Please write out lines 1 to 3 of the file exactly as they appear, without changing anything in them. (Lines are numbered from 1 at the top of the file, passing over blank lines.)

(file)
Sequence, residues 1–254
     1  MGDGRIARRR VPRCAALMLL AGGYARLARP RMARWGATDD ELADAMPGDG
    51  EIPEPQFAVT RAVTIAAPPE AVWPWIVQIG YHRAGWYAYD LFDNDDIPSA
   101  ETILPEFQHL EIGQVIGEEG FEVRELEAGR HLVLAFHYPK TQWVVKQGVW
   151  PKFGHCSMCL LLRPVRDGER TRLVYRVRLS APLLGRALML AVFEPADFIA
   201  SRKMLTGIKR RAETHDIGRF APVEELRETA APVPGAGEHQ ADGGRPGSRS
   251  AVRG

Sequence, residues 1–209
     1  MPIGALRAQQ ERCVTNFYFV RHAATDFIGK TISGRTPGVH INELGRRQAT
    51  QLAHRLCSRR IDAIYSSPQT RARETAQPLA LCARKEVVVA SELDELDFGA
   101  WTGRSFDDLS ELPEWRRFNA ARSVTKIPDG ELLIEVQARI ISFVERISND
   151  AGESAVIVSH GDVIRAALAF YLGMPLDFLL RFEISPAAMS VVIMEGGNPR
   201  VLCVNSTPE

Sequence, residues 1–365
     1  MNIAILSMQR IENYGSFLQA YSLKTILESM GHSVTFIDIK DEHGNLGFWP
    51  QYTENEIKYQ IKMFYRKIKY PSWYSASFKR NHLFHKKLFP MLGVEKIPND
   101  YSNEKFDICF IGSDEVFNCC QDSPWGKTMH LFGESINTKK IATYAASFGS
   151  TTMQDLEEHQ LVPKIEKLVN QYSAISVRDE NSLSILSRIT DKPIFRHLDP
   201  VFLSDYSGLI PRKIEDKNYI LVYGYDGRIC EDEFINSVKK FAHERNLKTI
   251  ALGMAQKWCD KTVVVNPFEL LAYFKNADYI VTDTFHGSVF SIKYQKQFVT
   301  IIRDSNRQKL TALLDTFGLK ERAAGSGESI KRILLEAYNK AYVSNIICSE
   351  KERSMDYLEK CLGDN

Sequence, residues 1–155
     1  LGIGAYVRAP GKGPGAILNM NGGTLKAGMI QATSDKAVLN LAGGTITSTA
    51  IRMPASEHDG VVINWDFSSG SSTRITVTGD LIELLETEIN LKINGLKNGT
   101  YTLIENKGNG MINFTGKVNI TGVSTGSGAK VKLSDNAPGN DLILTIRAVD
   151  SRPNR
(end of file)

Sequence, residues 1–254
     1  MGDGRIARRR VPRCAALMLL AGGYARLARP RMARWGATDD ELADAMPGDG
    51  EIPEPQFAVT RAVTIAAPPE AVWPWIVQIG YHRAGWYAYD LFDNDDIPSA